What is Coronavirus?
Coronaviruses are a large family of viruses that usually cause respiratory illness. They include viruses that cause the common cold and seasonal flu, as well as more serious illnesses like Severe Acute Respiratory Syndrome (SARS) and Middle East Respiratory Syndrome (MERS).
COVID-19 is a new strain that has not previously been identified in humans and was first identified in Wuhan, Hubei Province, China.
What are the symptoms?
Signs of infection include high fever (>38ºC) together with one or more respiratory symptoms like coughing, shortness of breath and breathing difficulties.
Severe symptoms include pneumonia, severe acute respiratory syndrome and kidney failure.
Can the virus be passed on through food?
Experience with SARS and MERS suggest that people are not infected with the virus through food. So, it is unlikely the virus is passed on through food and there is no evidence yet of this happening with COVID-19 (coronavirus) to date.
Coronaviruses need a host (animal or human) to grow in and cannot grow in food. Thorough cooking is expected to kill the virus because we know that a heat treatment of at least 30min at 60ºC is effective with SARS.
How is COVID-19 (coronavirus) passed on?
Coronaviruses are most commonly passed between animals and people and from person to person. The source of COVID-19 (coronavirus) is believed to be animals, but the exact source is not yet known.
The virus is commonly passed on:
1.Directly, through contact with an infected person's body fluids (for example, droplets from coughing or sneezing)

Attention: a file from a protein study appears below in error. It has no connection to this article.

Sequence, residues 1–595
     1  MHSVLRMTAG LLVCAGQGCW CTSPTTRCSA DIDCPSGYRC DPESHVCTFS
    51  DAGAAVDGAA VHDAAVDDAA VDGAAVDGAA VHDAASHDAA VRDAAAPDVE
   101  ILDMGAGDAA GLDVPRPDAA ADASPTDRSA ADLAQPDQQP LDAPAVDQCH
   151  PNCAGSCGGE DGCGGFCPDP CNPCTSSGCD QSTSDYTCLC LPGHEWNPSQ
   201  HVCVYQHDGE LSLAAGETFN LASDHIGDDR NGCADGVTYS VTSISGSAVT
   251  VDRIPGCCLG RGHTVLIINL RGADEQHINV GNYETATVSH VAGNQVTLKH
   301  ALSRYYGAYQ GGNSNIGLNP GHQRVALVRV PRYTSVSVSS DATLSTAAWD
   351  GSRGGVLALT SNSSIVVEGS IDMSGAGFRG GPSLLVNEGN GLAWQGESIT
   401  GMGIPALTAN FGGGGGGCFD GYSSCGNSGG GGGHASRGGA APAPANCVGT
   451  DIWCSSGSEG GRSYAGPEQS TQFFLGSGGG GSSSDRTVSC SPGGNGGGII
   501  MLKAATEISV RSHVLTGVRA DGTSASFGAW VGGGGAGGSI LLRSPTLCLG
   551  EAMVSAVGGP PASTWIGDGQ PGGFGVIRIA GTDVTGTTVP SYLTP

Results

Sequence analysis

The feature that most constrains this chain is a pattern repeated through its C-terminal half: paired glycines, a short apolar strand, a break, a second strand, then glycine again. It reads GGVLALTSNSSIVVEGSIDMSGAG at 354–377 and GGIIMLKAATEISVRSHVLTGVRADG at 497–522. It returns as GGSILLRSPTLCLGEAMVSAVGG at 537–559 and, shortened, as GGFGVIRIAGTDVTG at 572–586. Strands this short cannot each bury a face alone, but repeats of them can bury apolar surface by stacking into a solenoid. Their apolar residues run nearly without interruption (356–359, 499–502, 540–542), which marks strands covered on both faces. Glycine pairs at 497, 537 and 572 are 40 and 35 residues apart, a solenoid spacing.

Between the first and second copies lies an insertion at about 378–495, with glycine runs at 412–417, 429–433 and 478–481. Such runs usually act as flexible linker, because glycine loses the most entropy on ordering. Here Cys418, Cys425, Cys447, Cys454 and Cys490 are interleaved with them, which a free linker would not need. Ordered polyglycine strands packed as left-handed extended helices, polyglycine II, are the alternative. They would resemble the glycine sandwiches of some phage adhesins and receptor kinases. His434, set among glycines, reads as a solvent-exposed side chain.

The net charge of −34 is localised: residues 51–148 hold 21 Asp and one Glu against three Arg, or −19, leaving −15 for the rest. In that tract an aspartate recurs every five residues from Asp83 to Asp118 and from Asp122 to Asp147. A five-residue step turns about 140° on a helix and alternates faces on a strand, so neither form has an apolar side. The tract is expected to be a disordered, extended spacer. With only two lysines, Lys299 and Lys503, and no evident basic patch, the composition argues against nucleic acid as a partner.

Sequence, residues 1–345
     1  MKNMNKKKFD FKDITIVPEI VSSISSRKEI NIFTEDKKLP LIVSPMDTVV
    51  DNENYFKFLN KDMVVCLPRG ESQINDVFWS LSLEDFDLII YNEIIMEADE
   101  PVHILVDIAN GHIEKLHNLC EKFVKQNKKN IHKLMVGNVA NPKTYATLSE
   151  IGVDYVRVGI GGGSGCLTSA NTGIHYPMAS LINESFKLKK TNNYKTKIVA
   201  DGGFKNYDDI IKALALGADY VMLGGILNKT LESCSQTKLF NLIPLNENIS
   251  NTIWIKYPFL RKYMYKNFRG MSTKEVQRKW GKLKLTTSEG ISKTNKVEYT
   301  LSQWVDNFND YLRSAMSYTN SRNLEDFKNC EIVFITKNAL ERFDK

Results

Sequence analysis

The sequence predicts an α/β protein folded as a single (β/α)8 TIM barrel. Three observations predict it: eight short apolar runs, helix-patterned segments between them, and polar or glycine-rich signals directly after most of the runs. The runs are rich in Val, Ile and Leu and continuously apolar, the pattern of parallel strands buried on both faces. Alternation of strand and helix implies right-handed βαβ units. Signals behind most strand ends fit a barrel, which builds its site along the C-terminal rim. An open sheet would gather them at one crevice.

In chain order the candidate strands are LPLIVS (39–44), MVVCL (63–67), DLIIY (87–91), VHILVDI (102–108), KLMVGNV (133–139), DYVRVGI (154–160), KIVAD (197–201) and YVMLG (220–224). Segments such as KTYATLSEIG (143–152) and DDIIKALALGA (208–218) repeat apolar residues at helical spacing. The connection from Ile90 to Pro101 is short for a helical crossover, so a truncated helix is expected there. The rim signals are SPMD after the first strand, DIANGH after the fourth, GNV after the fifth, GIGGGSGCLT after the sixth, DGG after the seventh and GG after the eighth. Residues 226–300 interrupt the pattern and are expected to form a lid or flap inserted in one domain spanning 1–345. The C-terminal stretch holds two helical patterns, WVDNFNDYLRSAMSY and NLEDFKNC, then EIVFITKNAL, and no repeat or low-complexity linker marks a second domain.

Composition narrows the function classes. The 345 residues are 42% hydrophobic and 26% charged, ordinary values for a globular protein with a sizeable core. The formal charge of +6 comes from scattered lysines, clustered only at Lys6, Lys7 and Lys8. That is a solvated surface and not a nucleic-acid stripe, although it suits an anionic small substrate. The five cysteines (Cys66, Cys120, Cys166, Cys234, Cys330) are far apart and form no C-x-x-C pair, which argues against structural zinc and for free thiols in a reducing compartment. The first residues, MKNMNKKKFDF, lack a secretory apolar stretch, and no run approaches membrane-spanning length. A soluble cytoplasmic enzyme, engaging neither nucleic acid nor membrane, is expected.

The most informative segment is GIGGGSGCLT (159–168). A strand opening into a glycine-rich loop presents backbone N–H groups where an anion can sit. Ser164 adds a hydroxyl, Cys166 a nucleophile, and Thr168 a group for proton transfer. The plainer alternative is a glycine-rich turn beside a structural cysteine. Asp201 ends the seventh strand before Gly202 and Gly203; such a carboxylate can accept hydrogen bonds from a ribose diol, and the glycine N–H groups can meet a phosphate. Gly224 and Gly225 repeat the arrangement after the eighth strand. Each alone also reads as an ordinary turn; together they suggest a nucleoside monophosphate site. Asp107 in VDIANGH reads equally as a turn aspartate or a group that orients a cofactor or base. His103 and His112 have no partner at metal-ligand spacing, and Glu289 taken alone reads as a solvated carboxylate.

2.Indirectly, through contact with surfaces that an infected person has coughed or sneezed on
Current information suggests that the virus may survive a few hours on surfaces. Simple household disinfectants can kill it.
Investigations in China are continuing to identify the source of the outbreak and ways it can be passed on to people.
What can food workers do?
It is possible that infected food workers could introduce virus to the food they are working on by coughing and sneezing, or through hand contact, unless they strictly follow good personal hygiene practices.
The World Health Organisation (WHO) advises that standard recommendations to reduce exposure to and transmission of a range of illnesses are maintained. These include:
proper hand hygiene
cough/cold hygiene practices
safe food practices
avoiding close contact, when possible, with anyone showing symptoms of respiratory illness such as coughing and sneezing
Food workers must wash hands:
before starting work
before handling cooked or ready-to-eat food
after handling or preparing raw food
after handling waste
after cleaning duties
after using the toilet
after blowing nose, sneezing or coughing
after eating drinking or smoking
after handling money
Good hygiene and cleaning are also important to avoid cross contamination between raw or undercooked foods and cooked or ready to eat foods in the kitchen.